What is Backslash?

What is Backslash?

The backslash \ is a symbol or typographical mark used mainly in computing and is the mirror image of the common slash /. It is sometimes called a hack, whack, escape (from C/UNIX), reverse slash, slosh, downwhack, backslant, backwhack, reverse slant, and reversed virgule.

It was initially introduced by Bob Bemer in ASCII to represent the Boolean operators AND as “/\” and OR as “\/”. In programming languages, it has different uses. In C and Perl programming languages, Ex: It is used as an escape character, to introduce special characters within Haskell, and as a line delimiter in general. In operating systems, It is used to define and separate folders and directories when writing/passing commands.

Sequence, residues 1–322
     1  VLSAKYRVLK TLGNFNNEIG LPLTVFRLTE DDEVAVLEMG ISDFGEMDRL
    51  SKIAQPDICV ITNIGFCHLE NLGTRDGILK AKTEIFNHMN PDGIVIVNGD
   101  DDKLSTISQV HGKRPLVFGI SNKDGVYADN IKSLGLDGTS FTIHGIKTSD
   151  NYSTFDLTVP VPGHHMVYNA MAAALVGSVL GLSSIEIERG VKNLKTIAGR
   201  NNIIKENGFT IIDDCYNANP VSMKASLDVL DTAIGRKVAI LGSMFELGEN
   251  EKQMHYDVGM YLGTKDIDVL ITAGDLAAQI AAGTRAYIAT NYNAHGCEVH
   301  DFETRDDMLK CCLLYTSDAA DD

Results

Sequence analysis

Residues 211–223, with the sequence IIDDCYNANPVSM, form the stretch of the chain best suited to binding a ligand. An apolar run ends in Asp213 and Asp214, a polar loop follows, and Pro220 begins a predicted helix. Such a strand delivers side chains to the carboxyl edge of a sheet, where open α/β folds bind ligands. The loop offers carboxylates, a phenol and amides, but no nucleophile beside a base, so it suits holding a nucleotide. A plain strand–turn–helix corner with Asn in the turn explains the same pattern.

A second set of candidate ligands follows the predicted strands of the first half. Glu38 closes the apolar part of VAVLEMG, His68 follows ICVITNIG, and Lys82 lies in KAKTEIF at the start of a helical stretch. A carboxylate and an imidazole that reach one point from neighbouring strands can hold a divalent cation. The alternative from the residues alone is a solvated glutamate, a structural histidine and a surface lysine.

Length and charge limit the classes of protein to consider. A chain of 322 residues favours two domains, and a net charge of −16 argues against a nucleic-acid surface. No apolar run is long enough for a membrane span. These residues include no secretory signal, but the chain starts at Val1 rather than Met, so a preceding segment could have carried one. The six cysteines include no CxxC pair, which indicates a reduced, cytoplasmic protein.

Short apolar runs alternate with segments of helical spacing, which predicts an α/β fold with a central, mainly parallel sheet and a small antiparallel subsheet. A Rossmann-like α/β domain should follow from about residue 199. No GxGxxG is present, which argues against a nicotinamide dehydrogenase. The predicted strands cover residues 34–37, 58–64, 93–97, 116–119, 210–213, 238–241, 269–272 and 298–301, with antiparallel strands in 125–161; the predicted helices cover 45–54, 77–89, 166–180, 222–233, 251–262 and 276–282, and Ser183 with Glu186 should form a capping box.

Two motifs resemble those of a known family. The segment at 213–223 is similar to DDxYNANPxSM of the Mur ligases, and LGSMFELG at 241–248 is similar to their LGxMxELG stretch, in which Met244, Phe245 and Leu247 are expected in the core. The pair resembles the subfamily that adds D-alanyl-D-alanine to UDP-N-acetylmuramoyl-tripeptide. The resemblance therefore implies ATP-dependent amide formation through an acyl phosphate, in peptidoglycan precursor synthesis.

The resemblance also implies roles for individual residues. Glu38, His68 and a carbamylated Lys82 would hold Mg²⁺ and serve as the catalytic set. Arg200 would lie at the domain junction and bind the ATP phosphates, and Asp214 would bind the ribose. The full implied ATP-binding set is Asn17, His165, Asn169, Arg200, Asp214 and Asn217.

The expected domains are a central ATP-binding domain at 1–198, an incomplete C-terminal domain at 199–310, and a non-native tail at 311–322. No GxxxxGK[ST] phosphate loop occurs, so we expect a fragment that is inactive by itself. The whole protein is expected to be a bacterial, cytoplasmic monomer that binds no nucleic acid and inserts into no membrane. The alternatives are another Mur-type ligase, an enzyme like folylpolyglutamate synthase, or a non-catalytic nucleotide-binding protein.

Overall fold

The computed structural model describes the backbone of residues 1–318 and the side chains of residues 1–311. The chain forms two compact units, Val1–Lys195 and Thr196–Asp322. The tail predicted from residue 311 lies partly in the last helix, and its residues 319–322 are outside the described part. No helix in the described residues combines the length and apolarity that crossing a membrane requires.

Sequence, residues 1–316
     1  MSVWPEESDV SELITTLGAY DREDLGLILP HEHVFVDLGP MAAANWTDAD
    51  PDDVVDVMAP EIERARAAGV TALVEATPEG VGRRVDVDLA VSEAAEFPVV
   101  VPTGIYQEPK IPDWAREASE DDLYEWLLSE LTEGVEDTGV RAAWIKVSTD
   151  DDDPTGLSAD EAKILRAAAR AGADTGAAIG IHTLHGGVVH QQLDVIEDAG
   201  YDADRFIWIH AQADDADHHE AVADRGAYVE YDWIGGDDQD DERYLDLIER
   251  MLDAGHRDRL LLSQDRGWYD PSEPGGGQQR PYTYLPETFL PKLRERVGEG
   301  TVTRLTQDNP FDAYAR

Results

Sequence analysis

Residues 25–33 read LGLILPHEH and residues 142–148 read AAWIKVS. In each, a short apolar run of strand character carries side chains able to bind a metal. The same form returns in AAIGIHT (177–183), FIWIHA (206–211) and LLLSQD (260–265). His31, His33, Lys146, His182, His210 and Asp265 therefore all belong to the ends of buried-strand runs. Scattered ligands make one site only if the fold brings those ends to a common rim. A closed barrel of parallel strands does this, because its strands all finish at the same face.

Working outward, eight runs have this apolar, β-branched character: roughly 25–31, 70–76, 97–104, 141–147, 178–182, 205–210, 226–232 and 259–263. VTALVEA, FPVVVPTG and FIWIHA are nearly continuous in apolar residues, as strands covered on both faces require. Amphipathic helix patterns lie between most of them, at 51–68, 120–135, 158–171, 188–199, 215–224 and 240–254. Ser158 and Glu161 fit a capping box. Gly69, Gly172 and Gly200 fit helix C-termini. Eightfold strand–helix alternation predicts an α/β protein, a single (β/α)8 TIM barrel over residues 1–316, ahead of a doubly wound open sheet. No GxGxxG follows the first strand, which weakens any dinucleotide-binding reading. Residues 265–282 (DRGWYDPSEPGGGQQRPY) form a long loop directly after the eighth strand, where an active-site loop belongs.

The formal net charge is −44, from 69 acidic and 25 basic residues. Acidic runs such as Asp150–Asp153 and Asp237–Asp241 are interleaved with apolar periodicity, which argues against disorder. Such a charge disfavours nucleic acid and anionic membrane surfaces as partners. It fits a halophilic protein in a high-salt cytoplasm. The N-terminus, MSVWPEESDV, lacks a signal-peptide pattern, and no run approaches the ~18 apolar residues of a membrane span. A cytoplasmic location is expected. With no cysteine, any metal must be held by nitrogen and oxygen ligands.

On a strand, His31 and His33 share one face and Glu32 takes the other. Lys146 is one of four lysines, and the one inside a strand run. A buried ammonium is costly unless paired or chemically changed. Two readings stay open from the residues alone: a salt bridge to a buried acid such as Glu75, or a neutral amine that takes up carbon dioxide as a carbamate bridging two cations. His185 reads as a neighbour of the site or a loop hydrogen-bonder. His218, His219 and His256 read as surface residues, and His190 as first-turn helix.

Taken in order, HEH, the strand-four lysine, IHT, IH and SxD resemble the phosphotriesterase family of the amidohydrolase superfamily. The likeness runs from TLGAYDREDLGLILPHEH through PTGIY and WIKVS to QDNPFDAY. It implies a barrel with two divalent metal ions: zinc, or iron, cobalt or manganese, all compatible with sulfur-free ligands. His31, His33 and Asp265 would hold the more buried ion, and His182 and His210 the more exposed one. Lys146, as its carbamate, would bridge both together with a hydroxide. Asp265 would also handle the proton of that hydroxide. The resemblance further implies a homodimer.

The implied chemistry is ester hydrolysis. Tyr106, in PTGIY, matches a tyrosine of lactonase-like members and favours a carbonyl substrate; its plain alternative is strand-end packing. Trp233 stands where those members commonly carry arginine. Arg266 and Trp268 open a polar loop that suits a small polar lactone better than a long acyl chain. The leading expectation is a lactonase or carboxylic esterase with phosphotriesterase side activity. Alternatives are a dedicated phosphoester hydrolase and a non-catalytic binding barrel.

Early typewriters and computer keyboards only had a forward slash. The backward slash was not made popular until MS-DOS started being used.


How Backslash Uses in Computer

A backslash can represent a file path in MS-DOS and Windows. For example, c:\windows is an example of the backslash being used. It may also be used for any of the following reasons.

  • The backslash is used as an escape character.
  • A file and directory separator in a file path.
  • A networked computer or folder in a network path.